Afghanistan – stories
They arrived, on Thursday 24th November 2022, on a flight from Pakistan. Families, women, men and children arrived in Italy with one of the humanitarian corridors for people fleeing Afghanistan. The corridors were facilitated by the Federation of Protestant Churches in Italy (FCEI) with the Community of Sant’Egidio, the Waldensian Board, Arci, Caritas, International Organization for Migration (IOM). We collected their voices in Islamabad, a few days before leaving for Rome.
Rome, 29th November 2022 – by Barbara Battaglia (NEV)
Life after 15th August 2021 had become a “nightmare”. Mohammad repeats it several times, while telling how Afghanistan has changed with the return of the Taliban. He calls them “monsters”. He has two books on the bedside table in the room where he lives with his family: one is a medical textbook, relating to his work in Kabul; the other one is “Italian for Dummies”, to learn Italian basics in view of the departure.
We met a second family: two small children, a couple, and an adult sister. In the house there are no books but only paper for drawing. Other relatives live nearby. They belong to a large group, they come from the province of Bamiyan, in central Afghanistan where, in 2001, the Taliban destroyed the statues of two Buddhas. They offer us a saffron tea. I ask him how the two parents met: “we are cousins”, they answer, they blush and smile, “she was passing under my window and I noticed her”. It will be the only moment in which their story is not tense, difficult, hard.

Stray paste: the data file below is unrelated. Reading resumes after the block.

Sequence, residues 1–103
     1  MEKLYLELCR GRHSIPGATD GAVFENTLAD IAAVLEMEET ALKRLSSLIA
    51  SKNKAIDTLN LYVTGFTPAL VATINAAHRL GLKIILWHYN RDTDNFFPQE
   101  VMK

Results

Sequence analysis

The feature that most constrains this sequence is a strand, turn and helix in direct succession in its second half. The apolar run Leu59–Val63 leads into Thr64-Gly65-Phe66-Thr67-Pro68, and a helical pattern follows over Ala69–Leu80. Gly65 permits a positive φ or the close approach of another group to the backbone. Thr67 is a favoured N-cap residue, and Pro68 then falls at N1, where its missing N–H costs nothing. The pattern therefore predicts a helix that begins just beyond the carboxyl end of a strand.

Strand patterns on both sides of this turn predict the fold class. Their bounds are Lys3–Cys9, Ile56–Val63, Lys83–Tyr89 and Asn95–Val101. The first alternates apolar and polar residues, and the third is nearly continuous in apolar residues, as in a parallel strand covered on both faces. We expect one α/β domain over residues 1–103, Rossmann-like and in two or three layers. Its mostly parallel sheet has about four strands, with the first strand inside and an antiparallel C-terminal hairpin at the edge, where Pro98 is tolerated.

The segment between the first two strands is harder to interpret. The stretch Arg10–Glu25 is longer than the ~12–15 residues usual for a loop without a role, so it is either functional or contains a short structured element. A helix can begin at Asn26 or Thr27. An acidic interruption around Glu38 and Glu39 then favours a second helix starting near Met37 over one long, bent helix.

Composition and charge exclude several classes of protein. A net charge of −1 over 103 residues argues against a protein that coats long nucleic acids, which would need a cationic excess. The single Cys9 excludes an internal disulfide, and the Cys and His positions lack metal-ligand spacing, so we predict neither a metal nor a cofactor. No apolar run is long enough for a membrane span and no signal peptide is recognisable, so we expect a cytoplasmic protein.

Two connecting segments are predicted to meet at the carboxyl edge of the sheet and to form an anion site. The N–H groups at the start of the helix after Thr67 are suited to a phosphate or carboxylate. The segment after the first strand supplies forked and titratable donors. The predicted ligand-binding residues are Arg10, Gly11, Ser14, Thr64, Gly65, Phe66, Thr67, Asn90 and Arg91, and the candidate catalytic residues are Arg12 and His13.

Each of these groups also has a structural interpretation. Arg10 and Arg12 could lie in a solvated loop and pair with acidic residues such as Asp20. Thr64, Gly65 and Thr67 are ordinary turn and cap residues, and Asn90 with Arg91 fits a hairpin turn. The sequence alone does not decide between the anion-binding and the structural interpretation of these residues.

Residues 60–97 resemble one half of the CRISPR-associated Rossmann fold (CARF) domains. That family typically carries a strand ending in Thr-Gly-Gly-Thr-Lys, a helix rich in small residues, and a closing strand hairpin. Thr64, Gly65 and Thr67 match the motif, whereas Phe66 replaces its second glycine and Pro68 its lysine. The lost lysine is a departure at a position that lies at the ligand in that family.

They belong to the Hazara ethnic group, as do the persons from another large group that we met in an apartment a few kilometers away in Islamabad. Husband, wife and a daughter of a few months old, grandfather and grandmother, both very young, and four other teenage children. He is a cyclist and a photographer (with 12 thousand followers on Instagram): he has sold his bike, he wonders when he will be able to race again. It was not possible to play sports under the Taliban. And it wasn’t possible or safe for him to continue living in Afghanistan because he coached girls. The mother has always been involved in politics at a local and regional level. The whole family has a history of engagement and activism. In a suitcase, when preparing for the flight to Italy, they brought a whole set of dishes.